Why I’m a Pessimistic Romantic

I consider myself a pessimistic romantic because it’s the most accurate way to describe myself. I’ve had my share of heartbreak—mostly due to my own stupidity—but  I found happiness with my wonderful husband Eric. Right now I’m living my dream of being a wife and mother to two wonderful boys. I can’t believe how lucky I am…seriously I can’t believe it. So as I write this, I imagine someone visiting my site years from now and my latest entry is about a bitter divorce. It’s a screwed view of life, but it’s my view. Luckily my husband doesn’t take offense to my thoughts.

I’ve been obsessed with happily ever after and prince charming since elementary school. When I read my old diaries, I want to throw up at my naiveté. Every entry was about boys. Who I liked? Who liked me? Who my friends liked? It was sickening. It’s no wonder that I was set up to be unlucky in love at some point. I believed the fairy tale was real—men really did love you after one conversation, or better yet after seeing you across the room—until puberty hit. Suddenly the romantic notions of a young girl met the harsh reality of adolescence. Guys don’t fall in love with you after one chance meeting. They may fall in lust, but even that was dumb luck. Mostly young guys were just out to increase the number of chicks they could screw before high school graduation.

Now don’t take this to mean that all of my young life was heart-break and pain. In between the crappy guys, I dated some really nice guys. I had a Valentine every year until my freshman year of college (the year I re-named Valentines “the commercialist pagan holiday”). I can’t even blame the crappy guys for my heartbreak, I learned to take full responsibility for my part of my stupidity. It was liberating for me, and has made it easier for me to accept the person I am today. That’s why I continued to believe in the fairy tale. Whenever I kissed a frog—that never turned into a prince—there was usually a knight waiting in the wings. I just wasn’t into knights at that point in my life. Too safe and secure. Needless to say, by sophomore year of college I was back on track and have had a Valentine’s ever since.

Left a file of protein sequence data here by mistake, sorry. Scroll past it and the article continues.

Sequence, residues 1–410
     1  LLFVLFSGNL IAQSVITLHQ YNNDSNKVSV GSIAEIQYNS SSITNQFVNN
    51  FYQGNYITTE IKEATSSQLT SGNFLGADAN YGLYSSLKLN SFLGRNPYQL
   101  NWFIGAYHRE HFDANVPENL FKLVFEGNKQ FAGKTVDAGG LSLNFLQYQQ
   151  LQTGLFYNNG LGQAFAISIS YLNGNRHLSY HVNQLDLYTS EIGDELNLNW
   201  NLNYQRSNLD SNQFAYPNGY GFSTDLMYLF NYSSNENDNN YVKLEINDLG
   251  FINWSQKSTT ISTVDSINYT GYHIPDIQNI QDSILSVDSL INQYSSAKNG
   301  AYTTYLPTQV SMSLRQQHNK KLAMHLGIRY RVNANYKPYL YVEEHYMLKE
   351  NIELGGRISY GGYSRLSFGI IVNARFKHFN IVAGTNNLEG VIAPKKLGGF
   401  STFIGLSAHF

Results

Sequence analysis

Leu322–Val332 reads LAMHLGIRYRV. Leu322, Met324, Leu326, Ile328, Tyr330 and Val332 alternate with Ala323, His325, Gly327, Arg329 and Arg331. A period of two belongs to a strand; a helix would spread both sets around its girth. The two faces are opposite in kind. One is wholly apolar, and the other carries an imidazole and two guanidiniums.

I guess my point is that I always believed that, even though relationships and those flings in between could suck, I would one day get married and have kids. I did lose faith right before I met my husband. I resigned myself to becoming a single-bitter woman in my usual overly dramatic fashion.  But then I realized that life was too short to get caught up in waiting for the fairytale. I needed to do

I kissed many frogs before finding a prince.

me, enjoy life and keep moving. As soon as I embraced that I met my husband. I wish I could say our courtship was all starlight and roses, but it wasn’t. It started with some pretty messed up crap, but by then I realized that if something was meant for me then it would happen. And it did. Eight years later we’re still together.

Even with my life the pessimism is still there. Ask my family and they’ll tell you I’m the queen of worrying. I’m prone to a random freak out that the world will come to an end in 2012. I’ll admit that I wonder why I plan for my kid’s future, and work hard on my writing career, when we’ll all be obliterated within a year. But after I come back to Earth, I realize that life isn’t about the bad things that might happen. It’s true that my husband and I may call it quits in 5, 10, or 40 years, but why obsess over that now. Right now we love each other. Right now we are both happy and feel so blessed to live the life that we live. That is all that I can believe in right now. I found my prince charming. And in between all of the bullshit, lying and cheating I had some really great relationships. That’s why I’m more romantic than pessimistic. When you’re living the fairytale you might as well enjoy it. At least until the prince turns back into a frog.